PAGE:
(2018) Drama (Bleecker Street) Hilary Swank, Michael Shannon, Robert Forster, Blythe Danner, Taissa Farmiga, Josh Lucas, Sarah Sutherland, Marilyn Dodds Frank, Aimee Garcia, William Smillie, Isabeau Dornevil, Jennifer Robideau, Jay Montepare, An Whitney, Eric Ian, Matthias Kocur, Ruben Ramirez, Annie McKinnie, Darren Sheehan, Ryan W. Garcia, Ann Kabis. Directed by Elizabeth Chomko
Growing old sucks. If you don’t believe me, just check out every Hollywood movie ever made about dementia. Better still, talk to someone who has parents or grandparents actually going through it. It’s not as cute as it looks in the movies.
Ruth (Danner) gets out of bed early one morning, leaves her Chicago apartment in the midst of a snowstorm wearing only her nightgown and an overcoat and boards a train When her husband Burt (Forster) discovers she’s not there and can’t find her anywhere, he calls his son Nicky (Shannon) frantically. Nicky in turn calls his sister Bridget (Swank) a.k.a. “Bitty” against the express wishes of his father. Bridget arrives from California with her newly expelled from college daughter Emma (Farmiga) in tow, only to find that her mother has been found.
Nicky is all for putting Ruth in a memory-assistance home which Bridget tacitly agrees with, but Burt is having none of it and Bridget won’t stand up to her dad, who bullied her into marrying a husband (Lucas) that she didn’t love. Nicky, who owns a bar, stands up to his dad but with little effect; the power of attorney over his mom was granted to Bridget, which still rankles Nicky.
As Ruth’s stage six dementia progresses, the kids squabble and Burt pontificates. Bridget initiates an affair with a local contractor (Smillie). Soon it becomes obvious that Ruth is getting worse. Can the siblings convince their dad to see reason before something truly awful happens?
This kind of movie has been done in both movies and on television many, many times before. In terms of content, ain’t nothing to see here that won’t be familiar to those who watch movies that aren’t about spaceships and superheroes occasionally. The tropes that first time writer-director Elizabeth Chomko utilizes are going to be familiar to anyone who’s see any movie involving Alzheimer’s. She also doesn’t give her characters a whole lot of depth.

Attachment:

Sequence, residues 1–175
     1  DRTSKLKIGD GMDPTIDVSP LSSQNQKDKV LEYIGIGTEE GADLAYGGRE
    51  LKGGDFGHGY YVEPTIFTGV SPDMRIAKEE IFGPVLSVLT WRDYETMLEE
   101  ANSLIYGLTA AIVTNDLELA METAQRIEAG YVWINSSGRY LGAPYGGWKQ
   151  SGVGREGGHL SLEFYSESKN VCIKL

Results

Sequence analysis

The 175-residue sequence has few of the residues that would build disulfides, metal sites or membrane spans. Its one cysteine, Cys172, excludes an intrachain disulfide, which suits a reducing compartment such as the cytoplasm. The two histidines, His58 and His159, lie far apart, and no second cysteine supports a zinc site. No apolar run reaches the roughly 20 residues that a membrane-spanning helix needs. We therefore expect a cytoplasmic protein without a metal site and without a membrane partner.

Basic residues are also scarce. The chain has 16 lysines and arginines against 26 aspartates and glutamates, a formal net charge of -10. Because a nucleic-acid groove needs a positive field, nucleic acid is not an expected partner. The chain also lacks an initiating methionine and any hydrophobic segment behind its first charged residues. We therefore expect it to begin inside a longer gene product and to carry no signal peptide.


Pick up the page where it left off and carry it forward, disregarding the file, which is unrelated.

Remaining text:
Given that, the reason to see the movie is the cast and it is a good one. Me, I lurve me some Robert Forster and will essentially see any movie that he’s in for no other reason other than because he is in it. Swank and Shannon are two of the best actors in Hollywood today and with Swank seen much less often onscreen these days, it is a treat to see her work just as it is a treat to see Shannon do his thing. Danner is given a pretty thankless role but she pulls it off with some dignity, despite there being essentially a caricature of dementia patients involved. We don’t see the messy side of it; the screaming, the tears, the recriminations. In that sense the movie is a bit bloodless.
Still, great acting can cover a lot of sins and that’s what happens here. Not an essential movie but certainly one to watch if you need something to watch and you’re tired of shut-off-your-brain Hollywood fare.
REASONS TO SEE: Superior cast.
REASONS TO AVOID: This is nothing you haven’t seen before.
FAMILY VALUES: There is profanity and a brief sexual reference.
TRIVIAL PURSUIT: Chomko’s grandparents – upon whom the couple of Bert and Ruth are based – appear in a photograph in their home.
BEYOND THE THEATERS: Amazon, AMC On Demand, AppleTV, Fandango Now, Google Play, Kanopy, Microsoft, Redbox, Vudu, YouTube
CRITICAL MASS: As of 2/19/20: Rotten Tomatoes: 88% positive reviews: Metacritic: 69/100.
COMPARISON SHOPPING: The Savages
FINAL RATING: 6.5/10
NEXT: Underneath the Same Moon